SPRINGFIELD, Ill. (AP) — The Illinois Legislature is expected to send a new state budget to Gov. Pat Quinn Friday that majority Democrats acknowledge puts off tough decisions about whether to slash spending or find new sources of revenue — including possibly making Illinois' temporary tax increase permanent — until after the November election.
The Senate is set to give final approval to the approximately $35.7 billion 2015 spending plan, which the House passed earlier in the week. The vote comes as the Legislature faces a Saturday deadline to adjourn.
Quinn and other Democratic leaders had wanted lawmakers to extend Illinois' temporary income tax increase, which is set to roll back in January. But House Democrats — all of whom face re-election in November — couldn't get enough "yes" votes to do so.
Instead, legislative leaders drafted a budget that relies on many of the same practices that have been criticized for causing Illinois' troubled financial situation. They include relying on future increases in revenue that may or may not be realized, borrowing money from special funds to pay for day-to-day operations and adding to Illinois' roughly $4.7 billion backlog of unpaid bills.
The proposed budget keeps funding levels flat next year for schools and most state agencies. But it doesn't account for increased costs. That means if new revenue isn't found before the end of the fiscal year, thousands of state workers could be laid off, programs could be cut and facilities closed.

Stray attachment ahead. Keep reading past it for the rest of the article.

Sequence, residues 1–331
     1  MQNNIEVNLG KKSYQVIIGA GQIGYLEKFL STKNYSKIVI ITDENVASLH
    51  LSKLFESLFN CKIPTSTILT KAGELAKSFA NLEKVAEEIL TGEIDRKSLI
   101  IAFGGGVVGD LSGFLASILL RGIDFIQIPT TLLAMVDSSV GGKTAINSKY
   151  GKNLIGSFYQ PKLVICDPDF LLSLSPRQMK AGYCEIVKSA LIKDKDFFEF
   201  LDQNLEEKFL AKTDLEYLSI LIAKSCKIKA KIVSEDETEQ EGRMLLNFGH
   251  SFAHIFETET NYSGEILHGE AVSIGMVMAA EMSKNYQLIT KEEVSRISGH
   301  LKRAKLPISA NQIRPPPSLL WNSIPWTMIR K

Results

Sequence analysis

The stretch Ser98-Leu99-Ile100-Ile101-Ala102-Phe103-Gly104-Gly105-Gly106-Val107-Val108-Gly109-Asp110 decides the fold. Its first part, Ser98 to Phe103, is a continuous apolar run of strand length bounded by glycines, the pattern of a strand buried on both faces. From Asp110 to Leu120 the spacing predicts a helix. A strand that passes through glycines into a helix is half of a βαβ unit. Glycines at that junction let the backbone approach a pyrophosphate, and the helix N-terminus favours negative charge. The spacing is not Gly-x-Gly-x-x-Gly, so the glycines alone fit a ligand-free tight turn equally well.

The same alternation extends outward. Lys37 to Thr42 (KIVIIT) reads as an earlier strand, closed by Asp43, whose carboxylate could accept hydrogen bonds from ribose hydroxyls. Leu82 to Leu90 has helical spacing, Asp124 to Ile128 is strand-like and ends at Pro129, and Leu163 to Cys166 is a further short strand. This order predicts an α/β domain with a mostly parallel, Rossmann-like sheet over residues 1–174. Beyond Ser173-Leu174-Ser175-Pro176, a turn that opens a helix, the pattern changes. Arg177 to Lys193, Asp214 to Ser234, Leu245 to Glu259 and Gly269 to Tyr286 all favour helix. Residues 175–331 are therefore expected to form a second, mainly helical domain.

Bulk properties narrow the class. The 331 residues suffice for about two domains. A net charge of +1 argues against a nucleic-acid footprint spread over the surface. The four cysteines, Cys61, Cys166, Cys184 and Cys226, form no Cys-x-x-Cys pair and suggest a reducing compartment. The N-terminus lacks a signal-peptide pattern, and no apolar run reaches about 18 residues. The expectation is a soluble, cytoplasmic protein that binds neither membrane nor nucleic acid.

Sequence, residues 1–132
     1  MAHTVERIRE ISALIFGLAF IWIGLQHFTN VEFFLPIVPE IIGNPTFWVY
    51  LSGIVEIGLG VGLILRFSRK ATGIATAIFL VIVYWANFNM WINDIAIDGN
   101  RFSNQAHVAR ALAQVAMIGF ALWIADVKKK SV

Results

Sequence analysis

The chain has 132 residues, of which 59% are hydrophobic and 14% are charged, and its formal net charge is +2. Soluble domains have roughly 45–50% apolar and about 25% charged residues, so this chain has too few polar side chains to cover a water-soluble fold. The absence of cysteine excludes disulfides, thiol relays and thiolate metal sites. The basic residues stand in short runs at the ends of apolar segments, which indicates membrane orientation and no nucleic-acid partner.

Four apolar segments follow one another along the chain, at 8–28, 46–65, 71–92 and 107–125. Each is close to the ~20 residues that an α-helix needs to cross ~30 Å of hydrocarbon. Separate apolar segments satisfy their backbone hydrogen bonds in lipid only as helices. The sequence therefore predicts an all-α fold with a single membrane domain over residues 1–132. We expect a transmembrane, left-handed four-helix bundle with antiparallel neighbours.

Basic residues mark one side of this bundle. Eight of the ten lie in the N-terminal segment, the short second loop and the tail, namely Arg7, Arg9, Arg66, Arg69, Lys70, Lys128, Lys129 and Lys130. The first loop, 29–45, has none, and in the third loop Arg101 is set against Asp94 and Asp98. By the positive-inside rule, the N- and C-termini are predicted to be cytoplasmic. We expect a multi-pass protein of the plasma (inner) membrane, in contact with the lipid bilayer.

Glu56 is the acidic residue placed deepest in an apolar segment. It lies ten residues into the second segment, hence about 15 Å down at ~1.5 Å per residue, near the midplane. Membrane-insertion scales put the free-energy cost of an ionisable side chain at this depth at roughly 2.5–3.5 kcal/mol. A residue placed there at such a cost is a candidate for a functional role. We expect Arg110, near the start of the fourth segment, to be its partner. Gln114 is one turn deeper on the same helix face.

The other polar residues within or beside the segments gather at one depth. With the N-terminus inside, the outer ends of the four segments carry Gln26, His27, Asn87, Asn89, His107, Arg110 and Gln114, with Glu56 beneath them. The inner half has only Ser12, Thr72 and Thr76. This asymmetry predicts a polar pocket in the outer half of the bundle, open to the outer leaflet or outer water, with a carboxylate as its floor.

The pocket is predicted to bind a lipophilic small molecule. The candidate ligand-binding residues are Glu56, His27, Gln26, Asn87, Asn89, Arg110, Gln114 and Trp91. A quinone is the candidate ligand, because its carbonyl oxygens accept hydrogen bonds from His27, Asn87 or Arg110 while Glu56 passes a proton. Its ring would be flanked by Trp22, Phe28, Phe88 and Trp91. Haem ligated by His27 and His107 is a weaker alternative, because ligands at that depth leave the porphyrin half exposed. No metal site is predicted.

"While this budget is decisive, it is not complete. It is incomplete," state Sen. Dan Kotowski said, describing a spending plan that'll allow Illinois to "live within its means."
But he warned of tough future decisions, including the anticipated drop in revenues.
"We'll need to have options on the table to fill this hole, to either fill this hole or wreak havoc," he told colleagues at the opening of the budget debate in the Senate.
Senate Republicans warned the Legislature was headed toward a repeat of 2011. That's when Democrats returned to Springfield after the fall election and voted to increase Illinois' income tax by 67 percent with the help of so-called "lame duck" legislators who were finishing out their term after not being re-elected.
"We've seen this playbook before," said Sen. Christine Radogno of Lemont, the Senate GOP leader. "I have no doubt that they're willing to do this again."
Republicans called on Democrats, including Quinn, to sign on to a pledge not to pass the tax increase extension after the November election.
The temporary tax increase raised the rate for individuals from 3 percent to 5 percent. It is set to drop to 3.75 percent on Jan. 1 — a decrease Radogno said would put about a week's salary back into the pocket of the typical Illinois family.
The Senate also was set to consider a $1 billion capital construction program that would provide money for roads and bridges. The measure passed the House Thursday with bipartisan support from lawmakers who said the money was particularly needed because the exceptionally harsh winter damaged Illinois roads and bridges.
The capital projects will be paid for with money that's still coming in to cover a prior capital plan. Some of those bonds have been paid off.
Associated Press writer Sophia Tareen contributed.